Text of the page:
Barefoot Homeless Man, Jeffery Hillman, Not Actually Homeless And Owns 30 Pairs Of Shoes [PHOTO, VIDEO]

 @ZoeMintzz.mintz@ibtimes.com
on March 28 2013 2:43 PM
barefoot homeless
Jeffery Hillman, the barefoot homeless man who was given a pair of boots by an NYPD officer, reportedly has 30 pairs of shoes. New York Post

The homeless man whose image went viral after an NYPD officer bought him a pair of shoes in Times Square last fall is neither homeless nor barefoot.

The Rev. John Graf, who pays Jeffery Hillman’s utility bills for his Bronx apartment, told the New York Post the U.S. Army veteran has been panhandling for more than 10 years, taking in $1,000 a day, and owns 30 pairs of shoes.

A New York Post reporter spotted 54-year-old Hillman panhandling in Midtown Manhattan with a sign that read “homeless” on Sixth Avenue without shoes on. Hillman told the Post he has an apartment and shoes but chooses to take them off when he begs.

“I choose not to wear the shoes. Is that a crime? No! My feet haven’t fallen off yet,” he told the paper.

When asked if his appearance was unfair and deceptive, Hillman said, “I’m not robbing anybody. It’s Wall Street. It’s the people in these buildings.”

An idea of how much Hillman makes was seen Sunday night when a separate New York Post reporter spotted him in the subway counting a large wad of cash.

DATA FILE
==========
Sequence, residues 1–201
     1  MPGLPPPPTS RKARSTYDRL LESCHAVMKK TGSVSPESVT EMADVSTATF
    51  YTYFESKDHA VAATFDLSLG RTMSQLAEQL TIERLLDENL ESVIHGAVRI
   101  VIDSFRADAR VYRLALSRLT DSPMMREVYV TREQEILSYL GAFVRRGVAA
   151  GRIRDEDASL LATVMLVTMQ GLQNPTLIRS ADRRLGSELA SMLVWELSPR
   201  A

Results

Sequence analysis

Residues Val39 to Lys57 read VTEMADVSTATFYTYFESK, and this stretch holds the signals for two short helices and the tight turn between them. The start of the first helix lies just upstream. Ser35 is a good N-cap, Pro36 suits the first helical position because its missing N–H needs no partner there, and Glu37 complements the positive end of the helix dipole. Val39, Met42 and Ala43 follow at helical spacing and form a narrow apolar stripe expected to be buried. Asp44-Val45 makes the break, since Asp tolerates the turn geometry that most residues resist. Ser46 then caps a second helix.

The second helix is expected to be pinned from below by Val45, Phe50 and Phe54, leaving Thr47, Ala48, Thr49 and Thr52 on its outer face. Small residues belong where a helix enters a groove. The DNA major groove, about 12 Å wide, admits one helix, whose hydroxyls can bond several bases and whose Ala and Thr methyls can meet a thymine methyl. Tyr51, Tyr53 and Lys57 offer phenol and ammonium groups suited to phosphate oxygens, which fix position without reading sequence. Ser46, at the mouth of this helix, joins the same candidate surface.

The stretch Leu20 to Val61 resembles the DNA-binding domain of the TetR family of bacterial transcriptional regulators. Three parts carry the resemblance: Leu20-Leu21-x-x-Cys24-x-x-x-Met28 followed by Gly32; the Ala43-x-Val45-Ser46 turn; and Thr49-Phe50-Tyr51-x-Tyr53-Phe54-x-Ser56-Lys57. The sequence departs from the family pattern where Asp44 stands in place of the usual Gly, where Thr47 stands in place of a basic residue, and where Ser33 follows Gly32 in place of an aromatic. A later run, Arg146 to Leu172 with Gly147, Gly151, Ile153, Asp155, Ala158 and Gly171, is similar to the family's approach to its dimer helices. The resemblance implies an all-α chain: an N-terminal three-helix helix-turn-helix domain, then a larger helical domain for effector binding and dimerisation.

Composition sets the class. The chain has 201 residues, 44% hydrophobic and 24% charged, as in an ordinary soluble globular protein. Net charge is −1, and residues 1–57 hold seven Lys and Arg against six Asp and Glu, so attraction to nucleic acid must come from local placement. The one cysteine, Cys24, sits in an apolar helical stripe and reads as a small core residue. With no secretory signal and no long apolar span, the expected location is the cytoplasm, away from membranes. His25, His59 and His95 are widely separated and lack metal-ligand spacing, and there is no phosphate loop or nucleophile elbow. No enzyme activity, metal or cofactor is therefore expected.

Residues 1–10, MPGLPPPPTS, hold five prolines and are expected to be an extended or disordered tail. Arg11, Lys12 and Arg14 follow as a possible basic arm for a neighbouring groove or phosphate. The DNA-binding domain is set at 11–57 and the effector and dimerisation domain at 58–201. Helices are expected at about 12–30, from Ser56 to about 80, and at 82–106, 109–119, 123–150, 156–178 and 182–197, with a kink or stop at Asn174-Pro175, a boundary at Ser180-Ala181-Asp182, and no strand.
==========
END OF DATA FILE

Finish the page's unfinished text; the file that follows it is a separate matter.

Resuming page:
Police Commissioner Ray Kelly told CBS that Officer Larry DePrimo might have been fooled into believing Hillman was genuinely homeless. The officer bought Hillman a pair of $100 all-weather boots, and the image of the exchange went viral.

“That’s life in New York in terms of people who try to scam us. We know that that happens,” Kelly told the news outlet.

But Hillman denies he scammed DePrimo. “I sure didn’t force him to do it, sir,” told CBS.

Story continues after photo

Graf hopes he’s not getting duped by financially supporting Hillman.

“I don’t want him conning me,” Graf told the Post. “He promised me that he wouldn’t do that.”

Hillman’s living situation was discovered in December. He has lived in Veteran Affairs Supportive Housing since 2011, USA Today reports.

"Just because he has an apartment doesn't mean our work is done with him," NYC Commissioner of Homeless Services Seth Diamond told the news outlet. "He is not dressed for the weather, he is not engaged in a healthy lifestyle, and he is not leading a productive life."

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